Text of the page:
Meeting Release

Pre-meeting release for 8/13 session

Commissioners to meet on Zoom Thursday, discuss the Seneca County Museum

[Tiffin, OH August 4, 2020] – The Seneca County Board of Commissioners is to meet at 10 a.m. Thursday via Zoom.
The commissioners are encouraging residents to join them in the online meetings through the application Zoom, in light of the COVID-19 pandemic. To maintain maximum accessibility, the meetings will be recorded, archived and streamed live through Zoom. Residents can join the meetings by computer or mobile device at the following link:
Residents also can download the Zoom meeting app and join with meeting ID 925 9523 0790.
Those who would rather call in and listen to the audio of the meetings can dial (646) 558-8656 and use the meeting ID.
The meeting also is to be streamed on Facebook Live on the Seneca County Commissioners page.
At about 10:30 a.m., Seneca Regional Planning Commission Executive Director Charlene Watkins is slated to give the commissioners an update on the joint countywide comprehensive plan.
The plan, which is being completed by CT Consultants, began development in March 2018. The plan includes the county, the city of Tiffin, Fostoria Economic Development Corp. and the Seneca County Park District.
The roughly $120,000 plan is to include strategies for housing, commercial and industrial development, education, transportation, parks and recreation, and arts and culture.
In old business, the board is expected to continue discussion on a program that could potentially save money on energy costs.
In June, a representative from Palmer Energy introduced the program to the commissioners.
Palmer Energy partners with the County Commissioners Association of Ohio to help manage a natural gas and electric program for member counties. Seneca County has opted into this program, which is designed to help save money on natural gas and electric bills by using the strength of group buying.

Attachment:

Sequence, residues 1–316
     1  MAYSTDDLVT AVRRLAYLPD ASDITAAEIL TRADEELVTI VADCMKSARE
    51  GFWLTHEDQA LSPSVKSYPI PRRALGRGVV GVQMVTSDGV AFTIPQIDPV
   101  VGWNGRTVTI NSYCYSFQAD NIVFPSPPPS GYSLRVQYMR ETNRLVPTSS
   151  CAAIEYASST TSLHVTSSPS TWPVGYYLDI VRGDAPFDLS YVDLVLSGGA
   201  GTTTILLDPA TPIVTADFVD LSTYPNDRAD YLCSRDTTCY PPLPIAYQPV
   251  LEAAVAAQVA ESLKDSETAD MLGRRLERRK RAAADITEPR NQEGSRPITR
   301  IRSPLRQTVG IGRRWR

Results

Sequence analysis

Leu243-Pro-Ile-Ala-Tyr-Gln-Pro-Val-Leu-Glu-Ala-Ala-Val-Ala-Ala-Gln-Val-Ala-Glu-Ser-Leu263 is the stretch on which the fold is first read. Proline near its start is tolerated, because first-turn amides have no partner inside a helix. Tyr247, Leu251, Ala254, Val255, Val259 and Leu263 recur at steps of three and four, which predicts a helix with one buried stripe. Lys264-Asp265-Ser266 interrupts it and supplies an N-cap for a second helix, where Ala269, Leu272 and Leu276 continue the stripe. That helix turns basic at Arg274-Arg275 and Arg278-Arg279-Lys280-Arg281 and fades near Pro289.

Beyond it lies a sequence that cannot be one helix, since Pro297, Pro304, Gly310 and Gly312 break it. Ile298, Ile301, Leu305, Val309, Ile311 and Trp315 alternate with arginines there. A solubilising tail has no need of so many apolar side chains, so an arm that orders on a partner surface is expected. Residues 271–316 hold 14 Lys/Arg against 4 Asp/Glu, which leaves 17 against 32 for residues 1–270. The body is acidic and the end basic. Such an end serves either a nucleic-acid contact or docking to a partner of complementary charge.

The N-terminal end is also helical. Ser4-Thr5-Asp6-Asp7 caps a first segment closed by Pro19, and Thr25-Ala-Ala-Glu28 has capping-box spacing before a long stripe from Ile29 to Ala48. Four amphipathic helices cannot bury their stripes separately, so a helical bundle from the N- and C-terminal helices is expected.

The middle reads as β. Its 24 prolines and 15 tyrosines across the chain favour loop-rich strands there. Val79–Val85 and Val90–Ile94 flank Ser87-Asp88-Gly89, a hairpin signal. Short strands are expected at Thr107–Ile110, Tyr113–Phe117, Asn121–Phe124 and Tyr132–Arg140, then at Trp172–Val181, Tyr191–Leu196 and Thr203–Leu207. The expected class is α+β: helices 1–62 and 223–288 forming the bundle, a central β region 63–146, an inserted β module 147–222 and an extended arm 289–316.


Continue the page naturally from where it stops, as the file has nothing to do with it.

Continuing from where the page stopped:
Palmer is working with CCAO to install a solar array in the state to offer a hedge for counties and cities using the company for energy aggregation.
Under the program, about 20-25 percent of energy would be provided through a solar power purchasing agreement by governmental entities. Palmer representatives believe the arrangement could save money over time and could also offer a degree of diversification to the energy portfolio of those involved.
The more counties and cities that use the program, the more beneficial it would become to those entities. The company had about 10 counties committed in June, and officials said at that time they expect 25-30 more to enter the program. Several cities also are expected to join the agreement.
The array is expected to be a 200-300-megawatt facility.
Palmer officials believe a carbon tax could be implemented on other energy sources, and so they believe a hedge on solar could be financially beneficial moving forward. They also cited the low price of solar energy as a good reason to diversify energy generation sources.

During new business, the commissioners are to consider:
* A $5,104 supplemental appropriation to the Seneca County Sewer District Fund for capital improvements.
* Appointing attorney Rhonda L. Best as special prosecutor on behalf of the Seneca County Prosecutor’s Office.
* An agreement with Stantec Consulting Services for general services effective Jan. 1 of this year on behalf of the Seneca County Airport.